This pair of photos is just one example in Border Crossings' exhibition Pocahontas and After, which was recently honoured in the British Library’s Labs Teaching and Learning category. The exhibition - which was seen by more than 20,000 people at Syon House last summer, and goes to St Andrews in February - represents the culmination of a sustained period of education and community work, beginning with the 2017 ORIGINS Festival. During the Festival, we not only held a ceremony for three indigenous women to commemorate Pocahontas at Syon, where she had stayed in the summer of 1616: we also brought indigenous artists into direct contact with the diverse communities around the House, in the two Primary Schools where they led workshops and study sessions, in the wonderful CARAS refugee group, and through our network of committed and energetic festival volunteers. In the following months, a distilled group from each of these partners worked closely with heritage experts from the archives (including the British Library’s own Dr. Philip Hatfield), Native American cultural consultants, and our own artistic staff to explore the ways in which Native American people have been presented in the past.

Their journeys into the archives were rich and challenging. What we think of as "realistic" photographs of indigenous people often turned out to be nothing of the kind. Edward Curtis, for example, apparently carried a chest of "authentic" costumes and props with him, which he used in his photographs to recreate the life of "the vanishing race" as he imagined it may have been in some pre-contact Romantic idyll. In other words, the archive photos are often about the photographer and the viewer, far more than they are about the subject.

BorderCross image 2

BorderCross image 3

As our volunteers came to realise this, they became more and more assertive of the need for agency in contemporary portraiture. Complex and fascinating decisions started to be made, placing the generation of meaning in the bodies of the people photographed. For example, Sebastian Oliver Wallace-Odi, who has Ghanaian heritage, saw how Ronald Mumford’s archive photo had been contrived to show “British patriotism” from First Nations chiefs, riding a car bedecked in a Union Jack, during the First World War. Philip showed him how other photos demonstrated the presence of Mounties at the shoot, emphasising the lack of agency from the subjects. Sebastian countered it with an image in which the red white and blue flag is the symbol of the London Underground where his father works, and the car, like his shirt, is distinctly African.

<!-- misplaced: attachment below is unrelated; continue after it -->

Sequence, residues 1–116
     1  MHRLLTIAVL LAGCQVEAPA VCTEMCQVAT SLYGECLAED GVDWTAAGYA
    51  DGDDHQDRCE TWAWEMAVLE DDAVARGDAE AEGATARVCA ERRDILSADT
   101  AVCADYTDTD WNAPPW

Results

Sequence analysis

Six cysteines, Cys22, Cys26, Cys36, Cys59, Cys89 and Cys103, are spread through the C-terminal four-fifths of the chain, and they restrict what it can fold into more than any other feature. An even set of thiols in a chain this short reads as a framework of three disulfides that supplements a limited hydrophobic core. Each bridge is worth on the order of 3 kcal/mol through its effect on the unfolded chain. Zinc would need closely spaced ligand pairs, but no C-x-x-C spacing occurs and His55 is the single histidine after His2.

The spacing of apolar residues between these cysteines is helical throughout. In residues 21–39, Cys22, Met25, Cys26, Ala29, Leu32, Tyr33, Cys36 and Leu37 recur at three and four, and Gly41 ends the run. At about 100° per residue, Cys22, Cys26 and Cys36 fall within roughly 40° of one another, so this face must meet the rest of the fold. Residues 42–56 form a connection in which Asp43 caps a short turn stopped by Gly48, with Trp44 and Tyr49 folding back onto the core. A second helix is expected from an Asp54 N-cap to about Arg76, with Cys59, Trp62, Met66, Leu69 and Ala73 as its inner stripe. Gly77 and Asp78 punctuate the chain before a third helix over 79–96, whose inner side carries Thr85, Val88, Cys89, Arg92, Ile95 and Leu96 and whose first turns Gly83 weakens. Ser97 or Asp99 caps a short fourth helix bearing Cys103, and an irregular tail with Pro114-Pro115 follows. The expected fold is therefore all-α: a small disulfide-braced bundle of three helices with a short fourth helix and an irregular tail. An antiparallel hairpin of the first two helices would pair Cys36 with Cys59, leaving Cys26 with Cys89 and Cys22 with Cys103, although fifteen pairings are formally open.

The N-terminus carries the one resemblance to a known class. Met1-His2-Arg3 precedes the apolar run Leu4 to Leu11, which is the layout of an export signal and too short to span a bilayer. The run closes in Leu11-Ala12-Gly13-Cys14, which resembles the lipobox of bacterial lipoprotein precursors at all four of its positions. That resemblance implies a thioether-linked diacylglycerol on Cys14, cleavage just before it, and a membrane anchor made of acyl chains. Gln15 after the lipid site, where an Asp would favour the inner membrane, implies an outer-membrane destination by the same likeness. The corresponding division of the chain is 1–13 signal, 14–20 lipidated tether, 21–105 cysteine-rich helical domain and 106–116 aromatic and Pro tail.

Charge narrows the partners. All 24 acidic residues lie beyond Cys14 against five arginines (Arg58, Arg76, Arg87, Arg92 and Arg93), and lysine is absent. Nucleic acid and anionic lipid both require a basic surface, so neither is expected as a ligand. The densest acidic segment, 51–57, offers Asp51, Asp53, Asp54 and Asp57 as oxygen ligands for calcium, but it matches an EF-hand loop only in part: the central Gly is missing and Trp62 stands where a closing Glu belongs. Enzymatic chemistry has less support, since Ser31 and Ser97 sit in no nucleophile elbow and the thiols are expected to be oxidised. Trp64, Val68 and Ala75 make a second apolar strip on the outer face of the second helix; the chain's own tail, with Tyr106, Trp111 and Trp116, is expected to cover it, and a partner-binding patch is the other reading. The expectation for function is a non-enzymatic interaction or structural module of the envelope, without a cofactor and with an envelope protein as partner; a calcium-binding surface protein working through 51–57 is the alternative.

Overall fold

What I love about this exhibition is that the meaning generated does not reside in one image or the other within the pair - but is rather in the energising of the space between, the dialogue between past and present, between different cultures, between human beings portrayed in different ways. It seems to me to be at once of way of honouring the indigenous subjects portrayed in the archive photographs, and of reinventing the form that was often too reductive in its attempts to categorise them.

Thanks to the Heritage Lottery Fund for supporting this project. Photos from the British Library digital collections.

Michael Walling - Artistic Director, Border Crossings. www.bordercrossings.org.uk

Watch the Border Crossing team receiving their Runner Up award and talking about their project on our YouTube channel (clip runs from 3.46 to 10.09):

Find out more about Digital Scholarship and BL Labs. If you have a project which uses British Library digital content in innovative and interesting ways, consider applying for an award this year! The 2019 BL Labs Symposium will take place on Monday 11 November at the British Library.

18 February 2019

Updated Eighteenth-Century Collections Online

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The traditional, somewhat stereotypical image of the researcher of things past has not changed much in recent times. There is nothing easier than to imagine a scholar sitting at a scarcely illuminated wooden desk, surrounded by piles of old hardbound volumes, spending hours on end rummaging through the sheets in search of a clue.

In the field of eighteenth-century studies, this is certainly still the case. Scholars often go on a pilgrimage to prestigious repositories such as the British Library. However, in the last fifteen years or so, technology has started to offer attractive alternatives to the pleasure of travelling to London. Powered by Gale-Cengage, the Eighteenth-Century Collections Online (commonly referred to as ECCO) is a well-known resource that provides access to English-language and foreign-language publications printed in Britain, Ireland and the American colonies during the eighteenth century. This extensive collection contains over 180,000 titles (200,000 volumes) and allows full-text searching of some 32 million pages. These are digital editions based on the Eighteenth Century microfilming that started in 1981 and the English Short Title Catalogue.